An ILO conference adopted a declaration committing to enhance action towards the development and implementation of national policies to reduce and prevent inequalities in the world of work, through social dialogue. Such policies will respond to national circumstances, needs and priorities, based on tripartite consensus.
This coming Monday, we will join workers around the planet in celebrating the historic victories of the labour movement — and honoring those who continue to struggle for a better world today. International Workers’ Day is a celebration of history — the living, breathing history that is made and remade every day by working people.
It was the revolutionary aspirations of workers that brought us the eight-hour workday, the weekend, the minimum wage, and the great processes that, from Petrograd to Yan’an to the Sierra Maestra, took the first bold steps towards socialism and left a permanent mark on our world. International Workers’ Day protests began in 1886. In the United States, mass protests of working people led to a general strike that mobilized 300,000 workers spanning 13,000 businesses across the country. These demonstrations lasted for days. In Chicago, police attacked picketing workers at the McCormick Reaper Works, killing six and injuring many more. The following day, during protests in Haymarket Square against this brutality, a bomb was thrown into the crowd by a suspected industrialist provocateur. In response, the police massacred scores of civilians and later executed prominent leaders of the labor movement.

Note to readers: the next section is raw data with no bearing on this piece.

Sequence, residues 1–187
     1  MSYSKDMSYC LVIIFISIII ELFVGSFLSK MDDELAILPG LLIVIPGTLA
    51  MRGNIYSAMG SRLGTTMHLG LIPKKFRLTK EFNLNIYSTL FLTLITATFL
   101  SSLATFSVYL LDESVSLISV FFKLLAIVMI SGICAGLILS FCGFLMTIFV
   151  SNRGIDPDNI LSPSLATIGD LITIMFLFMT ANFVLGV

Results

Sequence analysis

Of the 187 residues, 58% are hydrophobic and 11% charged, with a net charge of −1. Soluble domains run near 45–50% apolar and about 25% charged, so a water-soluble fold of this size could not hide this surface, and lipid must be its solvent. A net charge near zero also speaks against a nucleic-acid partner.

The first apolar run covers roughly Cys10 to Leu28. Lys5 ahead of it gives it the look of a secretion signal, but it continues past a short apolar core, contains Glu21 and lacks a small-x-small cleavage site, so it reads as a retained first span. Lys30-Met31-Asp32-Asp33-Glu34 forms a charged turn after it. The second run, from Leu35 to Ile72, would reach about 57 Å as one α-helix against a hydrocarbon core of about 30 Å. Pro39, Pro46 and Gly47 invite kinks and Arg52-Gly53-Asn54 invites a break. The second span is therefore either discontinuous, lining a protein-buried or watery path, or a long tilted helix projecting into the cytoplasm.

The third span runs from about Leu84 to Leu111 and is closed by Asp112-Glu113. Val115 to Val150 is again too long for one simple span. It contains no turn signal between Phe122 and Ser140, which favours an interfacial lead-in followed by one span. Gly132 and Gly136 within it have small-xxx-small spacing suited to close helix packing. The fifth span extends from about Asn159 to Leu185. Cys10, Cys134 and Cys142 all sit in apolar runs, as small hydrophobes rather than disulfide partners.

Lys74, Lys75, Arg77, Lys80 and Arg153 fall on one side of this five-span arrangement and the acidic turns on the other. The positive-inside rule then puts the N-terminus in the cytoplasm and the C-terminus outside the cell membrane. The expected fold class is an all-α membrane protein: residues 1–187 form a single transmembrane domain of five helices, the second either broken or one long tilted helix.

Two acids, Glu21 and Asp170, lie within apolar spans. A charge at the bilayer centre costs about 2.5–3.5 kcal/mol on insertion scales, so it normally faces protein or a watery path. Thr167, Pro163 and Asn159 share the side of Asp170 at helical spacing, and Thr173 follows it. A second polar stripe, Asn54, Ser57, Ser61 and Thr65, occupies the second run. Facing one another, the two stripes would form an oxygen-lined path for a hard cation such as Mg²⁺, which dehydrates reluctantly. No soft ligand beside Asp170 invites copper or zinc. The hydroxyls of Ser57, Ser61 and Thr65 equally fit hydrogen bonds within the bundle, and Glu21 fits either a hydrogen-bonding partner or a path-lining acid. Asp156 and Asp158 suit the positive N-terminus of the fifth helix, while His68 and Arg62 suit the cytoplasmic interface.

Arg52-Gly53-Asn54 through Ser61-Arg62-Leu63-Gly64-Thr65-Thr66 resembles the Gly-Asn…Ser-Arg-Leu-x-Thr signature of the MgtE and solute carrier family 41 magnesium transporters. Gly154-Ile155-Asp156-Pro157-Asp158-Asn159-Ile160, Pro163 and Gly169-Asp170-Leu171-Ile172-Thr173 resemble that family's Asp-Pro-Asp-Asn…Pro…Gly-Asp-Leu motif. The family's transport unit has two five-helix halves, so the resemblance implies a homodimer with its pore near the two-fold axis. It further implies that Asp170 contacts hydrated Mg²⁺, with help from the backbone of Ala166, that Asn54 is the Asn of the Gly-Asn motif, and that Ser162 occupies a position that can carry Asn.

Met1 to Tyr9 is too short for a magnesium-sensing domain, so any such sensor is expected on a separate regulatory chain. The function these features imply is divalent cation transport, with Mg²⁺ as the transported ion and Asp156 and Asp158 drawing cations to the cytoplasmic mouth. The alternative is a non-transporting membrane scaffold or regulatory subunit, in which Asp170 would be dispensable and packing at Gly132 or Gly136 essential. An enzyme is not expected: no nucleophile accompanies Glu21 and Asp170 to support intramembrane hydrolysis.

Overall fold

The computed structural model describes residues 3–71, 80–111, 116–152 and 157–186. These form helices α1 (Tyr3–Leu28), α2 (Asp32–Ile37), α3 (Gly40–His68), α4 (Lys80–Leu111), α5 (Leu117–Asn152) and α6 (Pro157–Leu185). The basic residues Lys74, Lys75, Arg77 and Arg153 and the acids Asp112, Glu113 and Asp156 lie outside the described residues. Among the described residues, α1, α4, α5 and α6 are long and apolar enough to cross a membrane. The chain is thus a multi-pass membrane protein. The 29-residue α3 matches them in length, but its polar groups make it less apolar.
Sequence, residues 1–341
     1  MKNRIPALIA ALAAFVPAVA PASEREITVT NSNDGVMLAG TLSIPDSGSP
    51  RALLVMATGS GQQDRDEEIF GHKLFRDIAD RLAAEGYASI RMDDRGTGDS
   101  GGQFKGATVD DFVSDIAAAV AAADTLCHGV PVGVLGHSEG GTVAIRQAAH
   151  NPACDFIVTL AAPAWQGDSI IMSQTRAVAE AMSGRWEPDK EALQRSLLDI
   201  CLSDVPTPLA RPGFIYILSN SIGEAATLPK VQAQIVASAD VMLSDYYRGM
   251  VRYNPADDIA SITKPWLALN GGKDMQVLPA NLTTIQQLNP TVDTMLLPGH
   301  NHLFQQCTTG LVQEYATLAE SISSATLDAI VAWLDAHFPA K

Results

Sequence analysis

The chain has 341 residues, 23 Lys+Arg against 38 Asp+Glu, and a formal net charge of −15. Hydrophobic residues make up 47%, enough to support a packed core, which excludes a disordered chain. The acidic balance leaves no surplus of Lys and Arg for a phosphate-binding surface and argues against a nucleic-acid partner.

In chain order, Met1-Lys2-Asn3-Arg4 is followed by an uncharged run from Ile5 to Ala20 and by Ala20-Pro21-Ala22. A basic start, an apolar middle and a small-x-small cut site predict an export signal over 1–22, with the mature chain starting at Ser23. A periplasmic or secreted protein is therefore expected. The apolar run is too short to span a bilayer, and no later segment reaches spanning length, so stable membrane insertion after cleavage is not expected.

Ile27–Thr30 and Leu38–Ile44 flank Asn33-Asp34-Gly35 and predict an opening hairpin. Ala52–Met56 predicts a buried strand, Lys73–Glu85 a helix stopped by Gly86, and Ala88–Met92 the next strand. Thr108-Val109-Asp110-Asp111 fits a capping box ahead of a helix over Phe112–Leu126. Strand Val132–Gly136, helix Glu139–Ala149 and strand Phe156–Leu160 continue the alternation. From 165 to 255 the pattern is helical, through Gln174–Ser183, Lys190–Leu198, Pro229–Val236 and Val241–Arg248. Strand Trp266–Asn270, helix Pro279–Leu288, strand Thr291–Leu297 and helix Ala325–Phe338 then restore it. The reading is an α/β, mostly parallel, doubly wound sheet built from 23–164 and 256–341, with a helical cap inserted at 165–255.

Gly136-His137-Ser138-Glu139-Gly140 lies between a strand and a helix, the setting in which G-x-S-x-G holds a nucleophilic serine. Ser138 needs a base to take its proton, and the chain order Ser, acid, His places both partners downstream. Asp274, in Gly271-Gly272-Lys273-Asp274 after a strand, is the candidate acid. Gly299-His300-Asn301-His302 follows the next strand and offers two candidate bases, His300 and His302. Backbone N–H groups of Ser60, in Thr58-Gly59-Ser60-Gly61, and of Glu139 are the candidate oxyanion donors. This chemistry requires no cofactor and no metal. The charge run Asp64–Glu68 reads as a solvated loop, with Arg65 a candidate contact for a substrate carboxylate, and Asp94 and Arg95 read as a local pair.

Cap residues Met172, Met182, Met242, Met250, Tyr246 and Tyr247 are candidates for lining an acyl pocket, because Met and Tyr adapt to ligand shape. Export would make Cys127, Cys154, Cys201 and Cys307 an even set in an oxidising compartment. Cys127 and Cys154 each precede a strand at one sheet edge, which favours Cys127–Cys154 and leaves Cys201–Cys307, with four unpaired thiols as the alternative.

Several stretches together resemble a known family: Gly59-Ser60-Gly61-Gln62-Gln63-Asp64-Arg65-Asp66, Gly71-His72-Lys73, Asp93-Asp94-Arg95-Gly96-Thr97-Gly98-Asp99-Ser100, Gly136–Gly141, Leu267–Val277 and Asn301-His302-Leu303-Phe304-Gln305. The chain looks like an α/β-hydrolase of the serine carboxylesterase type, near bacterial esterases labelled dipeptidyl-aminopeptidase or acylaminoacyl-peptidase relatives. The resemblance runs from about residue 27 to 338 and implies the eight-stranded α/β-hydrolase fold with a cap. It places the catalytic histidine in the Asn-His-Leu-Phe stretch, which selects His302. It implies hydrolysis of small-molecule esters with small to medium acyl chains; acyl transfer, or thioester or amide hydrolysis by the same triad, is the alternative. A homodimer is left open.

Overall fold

Today, as then, labor remains at the vanguard. From India to Britain, the Republic of Korea to the United States, workers are rising up against the ravages of neoliberalism and reactionary authoritarianism. The struggle is existential. As Workers’ Memorial Day — commemorated today around the world — reminds us, many people never come home from work. In fact, more people are killed at work each year than at war. From the lithium mines of Zimbabwe to the garment factories of Bangladesh, capitalism’s untraceable, global supply chains force workers to risk their lives in the service of bosses, shareholders, and empires. But it is the unemployed and underemployed, the healthcare workers and peasants, the fast food workers and cleaners, the textile weavers and delivery drivers, the sanitation workers, and others who, in their struggles for dignity, democracy, and peace, are history’s motor force. As Karl Marx wrote in the Economic & Philosophic Manuscripts of 1844: “The entire so-called history of the world is nothing but the creation of man through human labor.” Labor makes our world — and struggle makes us human.
On Monday, across the Progressive International family, we will honor all workers — from those who broke the shackles of capital to construct new societies, to those fighting for dignity and rights in the face of brutal exploitation today. “As long as the struggle of the workers against the bourgeoisie and the ruling class continues, as long as all demands are not met,” Rosa Luxemburg wrote in 1894, “May Day will be the yearly expression of these demands.” Workers and oppressed peoples of the world, unite! In solidarity, The Progressive International Secretariat